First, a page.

While ancient Greek vase-painters and relief carvers imagined Medusa and her sisters as beings born of monstrous form, sculptors and vase-painters of the fifth century began to envisage her as being beautiful as well as terrifying. In an ode written in 490 BC Pindar already speaks of “fair-cheeked Medusa”.

In a late version of the Medusa myth, related by the Roman poet Ovid (Metamorphoses 4.770), Medusa was originally a ravishingly beautiful maiden, “the jealous aspiration of many suitors,” but because Poseidon had raped her in Athena’s temple, the enraged Athena transformed Medusa’s beautiful hair to serpents and made her face so terrible to behold that the mere sight of it would turn onlookers to stone. In Ovid’s telling, Perseus describes Medusa’s punishment by Minerva (Athena) as just and well earned.

In most versions of the story, she was beheaded by the hero Perseus, who was sent to fetch her head by King Polydectes of Seriphus because Polydectes wanted to marry his mother. The gods were well aware of this, and Perseus received help. He received a mirrored shield from Athena, gold, winged sandals from Hermes, a sword from Hephaestus and Hades’s helm of invisibility. Since Medusa was the only one of the three Gorgons who was mortal, Perseus was able to slay her while looking at the reflection from the mirrored shield he received from Athena. During that time, Medusa was pregnant by Poseidon. When Perseus beheaded her, Pegasus, a winged horse, and Chrysaor, a giant wielding a golden sword, sprang from her body.

Medusa by Arnold Böcklin, circa 1878

Jane Ellen Harrison argues that “her potency only begins when her head is severed, and that potency resides in the head; she is in a word a mask with a body later appended… the basis of the Gorgoneion is a cultus object, a ritual mask misunderstood.”

In the Odyssey xi, Homer does not specifically mention the Gorgon Medusa:

Lest for my daring Persephone the dread,

From Hades should send up an awful monster’s grisly head.

Harrison’s translation states “the Gorgon was made out of the terror, not the terror out of the Gorgon.”

According to Ovid, in northwest Africa, Perseus flew past the Titan Atlas, who stood holding the sky aloft, and transformed him into stone when he tried to attack him. In a similar manner, the corals of the Red Sea were said to have been formed of Medusa’s blood spilled onto seaweed when Perseus laid down the petrifying head beside the shore during his short stay in Ethiopia where he saved and wed his future wife, the lovely princess Andromeda. Furthermore, the poisonous vipers of the Sahara, in the Argonautica 4.1515, Ovid’s Metamorphoses 4.770 and Lucan’s Pharsalia 9.820, were said to have grown from spilt drops of her blood. The blood of Medusa also spawned the Amphisbaena (a horned dragon-like creature with a snake-headed tail).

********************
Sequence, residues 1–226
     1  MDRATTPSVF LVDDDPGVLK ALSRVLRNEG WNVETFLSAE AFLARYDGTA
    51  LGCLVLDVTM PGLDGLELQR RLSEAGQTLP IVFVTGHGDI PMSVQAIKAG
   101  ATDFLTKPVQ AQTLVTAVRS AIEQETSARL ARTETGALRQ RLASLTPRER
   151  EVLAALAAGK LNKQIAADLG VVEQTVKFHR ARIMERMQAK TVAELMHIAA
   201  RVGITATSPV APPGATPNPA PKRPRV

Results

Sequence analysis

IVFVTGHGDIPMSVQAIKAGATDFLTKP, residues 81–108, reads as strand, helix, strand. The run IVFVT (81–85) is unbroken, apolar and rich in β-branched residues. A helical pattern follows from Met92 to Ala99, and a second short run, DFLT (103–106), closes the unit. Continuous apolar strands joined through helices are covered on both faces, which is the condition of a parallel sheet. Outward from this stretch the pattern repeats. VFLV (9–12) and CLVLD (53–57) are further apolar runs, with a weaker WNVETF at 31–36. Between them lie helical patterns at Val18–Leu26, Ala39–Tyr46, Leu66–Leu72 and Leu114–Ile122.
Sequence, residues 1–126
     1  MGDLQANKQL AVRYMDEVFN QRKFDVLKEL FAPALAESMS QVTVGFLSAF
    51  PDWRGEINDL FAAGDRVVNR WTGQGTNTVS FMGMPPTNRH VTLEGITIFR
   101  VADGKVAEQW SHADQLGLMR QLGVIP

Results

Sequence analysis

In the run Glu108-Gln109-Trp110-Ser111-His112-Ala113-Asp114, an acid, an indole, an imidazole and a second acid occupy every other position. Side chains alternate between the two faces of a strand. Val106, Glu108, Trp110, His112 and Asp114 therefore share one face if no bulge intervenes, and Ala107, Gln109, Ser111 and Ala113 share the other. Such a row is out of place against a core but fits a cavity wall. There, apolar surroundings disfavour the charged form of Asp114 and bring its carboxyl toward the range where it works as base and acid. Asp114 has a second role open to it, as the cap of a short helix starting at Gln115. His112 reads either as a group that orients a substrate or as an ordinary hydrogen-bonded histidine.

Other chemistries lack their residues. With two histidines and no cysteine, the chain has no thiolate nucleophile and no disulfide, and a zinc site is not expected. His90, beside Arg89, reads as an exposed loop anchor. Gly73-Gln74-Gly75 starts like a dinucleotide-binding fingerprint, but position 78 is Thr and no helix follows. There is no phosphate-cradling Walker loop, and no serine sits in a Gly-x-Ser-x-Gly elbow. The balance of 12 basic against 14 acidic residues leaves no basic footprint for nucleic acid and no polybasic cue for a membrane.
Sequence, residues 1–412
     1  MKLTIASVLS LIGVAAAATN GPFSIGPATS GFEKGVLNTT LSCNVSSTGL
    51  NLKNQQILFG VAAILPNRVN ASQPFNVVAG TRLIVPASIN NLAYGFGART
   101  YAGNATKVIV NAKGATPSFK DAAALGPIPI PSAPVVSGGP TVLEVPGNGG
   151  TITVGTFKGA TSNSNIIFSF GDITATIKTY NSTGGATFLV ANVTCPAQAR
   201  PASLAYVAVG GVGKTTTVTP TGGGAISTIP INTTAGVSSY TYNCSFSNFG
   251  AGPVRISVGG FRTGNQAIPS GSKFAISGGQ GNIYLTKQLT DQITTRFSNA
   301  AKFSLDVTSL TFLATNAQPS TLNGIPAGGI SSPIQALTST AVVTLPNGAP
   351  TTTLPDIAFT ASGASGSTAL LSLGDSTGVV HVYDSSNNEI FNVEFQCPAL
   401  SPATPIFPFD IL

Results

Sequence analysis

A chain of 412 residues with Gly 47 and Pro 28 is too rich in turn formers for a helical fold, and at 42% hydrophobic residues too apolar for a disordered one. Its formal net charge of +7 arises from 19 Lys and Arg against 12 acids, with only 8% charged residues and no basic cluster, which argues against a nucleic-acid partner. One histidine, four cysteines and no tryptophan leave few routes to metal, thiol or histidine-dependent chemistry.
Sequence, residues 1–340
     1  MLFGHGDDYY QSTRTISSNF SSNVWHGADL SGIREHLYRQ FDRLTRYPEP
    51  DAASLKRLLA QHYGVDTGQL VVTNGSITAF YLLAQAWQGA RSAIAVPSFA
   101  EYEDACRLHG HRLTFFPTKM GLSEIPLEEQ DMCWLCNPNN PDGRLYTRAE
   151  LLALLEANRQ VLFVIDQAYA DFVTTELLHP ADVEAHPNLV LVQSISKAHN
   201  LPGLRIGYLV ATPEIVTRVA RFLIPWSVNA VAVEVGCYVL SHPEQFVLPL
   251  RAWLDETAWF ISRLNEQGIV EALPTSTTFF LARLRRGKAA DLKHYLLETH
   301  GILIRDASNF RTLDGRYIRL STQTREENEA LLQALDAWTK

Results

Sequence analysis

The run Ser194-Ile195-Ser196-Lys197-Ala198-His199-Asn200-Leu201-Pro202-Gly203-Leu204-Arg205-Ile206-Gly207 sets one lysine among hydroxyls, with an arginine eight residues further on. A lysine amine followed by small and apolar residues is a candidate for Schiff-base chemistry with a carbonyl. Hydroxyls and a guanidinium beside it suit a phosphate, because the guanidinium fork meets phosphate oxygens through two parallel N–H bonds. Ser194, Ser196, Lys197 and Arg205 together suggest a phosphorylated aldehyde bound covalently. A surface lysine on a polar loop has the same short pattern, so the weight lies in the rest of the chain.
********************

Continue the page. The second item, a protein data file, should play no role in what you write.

Perseus then flew to Seriphos, where his mother was about to be forced into marriage with the king. King Polydectes was turned into stone by the gaze of Medusa’s head. Then Perseus gave the Gorgon’s head to Athena, who placed it on her shield, the Aegis.

Some classical references refer to three Gorgons; Harrison considered that the tripling of Medusa into a trio of sisters was a secondary feature in the myth:

The triple form is not primitive, it is merely an instance of a general tendency… which makes of each woman goddess a trinity, which has given us the Horae, the Charites, the Semnai, and a host of other triple groups. It is immediately obvious that the Gorgons are not really three but one + two. The two unslain sisters are mere appendages due to custom; the real Gorgon is Medusa.

 

Medusa in Clash of the Titans (1981)

 

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After filming “The Doors” Val Kilmer had to go to therapy just to get out of character – Video

There are some actors that are prepared to sacrifice their bodies, their social life, and their relationships with friends and relatives just to make their performances more convincing. One of them is Val Kilmer. He took method acting to the extreme while preparing for the role of Jim Morrison in Oliver Stone’s The Doors.